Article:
Dairy Farm Crop Dynamics

By Everett D. Thomas

The dictionary defines “dynamic” as “ characterized by continuous change, activity or progress.” This is also a good definition of the crop nutrient situation on dairy farms in the Northeast. Soil analysis summaries show that soil fertility in this region is generally trending upward. That’s because farmers are applying more nutrients as manure and fertilizer than they’re removing as crops (or are being lost through pollution). Therefore, the amount of fertilizer being purchased by farmers in the Northeast should be decreasing—and fortunately, for both the environment and farmers’ bank balances, it is.

Going up ...

A good case in point is phosphorus. This nutrient isn’t volatile, as is the ammonia form of nitrogen, and unless soil P levels are excessively high, it doesn’t leach to any significant extent. Unless physically removed by water or wind erosion, phosphorus stays where it’s put. So, phosphorus doesn’t usually go down or up, but it can go sideways! What is going up is average soil test P value, especially on dairy farms. Farmers are responding to this increase in soil test P by limiting fertilizer phosphorus applications. Cornell University has a lot of data on the influence of reducing starter P applications to corn, and, as expected, the results show that if soil test P is high, there’s little or no response to starter P. Even with these changes, it’s likely that soil test P levels will continue to increase on dairy farms since most P comes onto dairy farms as feed, and therefore, manure is the primary source of phosphorus on cropland.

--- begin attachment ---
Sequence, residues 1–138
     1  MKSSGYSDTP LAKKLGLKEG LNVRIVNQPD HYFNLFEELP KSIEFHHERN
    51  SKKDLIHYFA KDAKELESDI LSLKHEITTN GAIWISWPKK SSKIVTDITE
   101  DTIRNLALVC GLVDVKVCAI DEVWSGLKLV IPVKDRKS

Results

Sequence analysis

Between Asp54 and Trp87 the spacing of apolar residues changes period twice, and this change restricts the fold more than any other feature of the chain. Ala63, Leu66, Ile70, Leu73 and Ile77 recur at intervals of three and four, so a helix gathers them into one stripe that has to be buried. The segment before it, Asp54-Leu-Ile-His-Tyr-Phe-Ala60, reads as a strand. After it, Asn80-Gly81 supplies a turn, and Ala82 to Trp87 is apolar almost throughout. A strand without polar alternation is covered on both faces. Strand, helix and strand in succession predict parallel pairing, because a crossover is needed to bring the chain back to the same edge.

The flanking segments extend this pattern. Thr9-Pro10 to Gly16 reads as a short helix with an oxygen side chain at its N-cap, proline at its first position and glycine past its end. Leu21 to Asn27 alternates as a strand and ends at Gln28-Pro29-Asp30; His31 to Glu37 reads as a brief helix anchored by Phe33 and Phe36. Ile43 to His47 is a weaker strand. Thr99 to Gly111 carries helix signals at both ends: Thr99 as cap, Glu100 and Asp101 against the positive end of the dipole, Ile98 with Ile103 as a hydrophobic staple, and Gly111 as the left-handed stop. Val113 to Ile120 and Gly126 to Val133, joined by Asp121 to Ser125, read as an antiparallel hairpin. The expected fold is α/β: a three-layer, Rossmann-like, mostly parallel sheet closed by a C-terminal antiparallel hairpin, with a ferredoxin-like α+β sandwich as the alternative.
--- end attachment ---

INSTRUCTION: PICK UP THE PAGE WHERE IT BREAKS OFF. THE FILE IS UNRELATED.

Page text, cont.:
It’s difficult to generalize, but if you operate a dairy farm and haven’t significantly changed your phosphorus fertilization practices in 20 years or more, chances are you weren’t applying enough fertilizer P then, or you’re applying too much now. Most nutrients that are mobile in the soil are also mobile in the plant. Plants often take up more mobile nutrients than they need, including nitrogen and potassium. Nutrients that are immobile in the soil, including phosphorus, are also immobile in the plant. Plants only use as much immobile nutrients as they need. Therefore, applying much more P (as fertilizer or manure) than the crop needs doesn’t result in plants with a high phosphorus concentration. In fact, it’s almost impossible to tell the phosphorus status of a soil by looking at the concentration of P in the plant.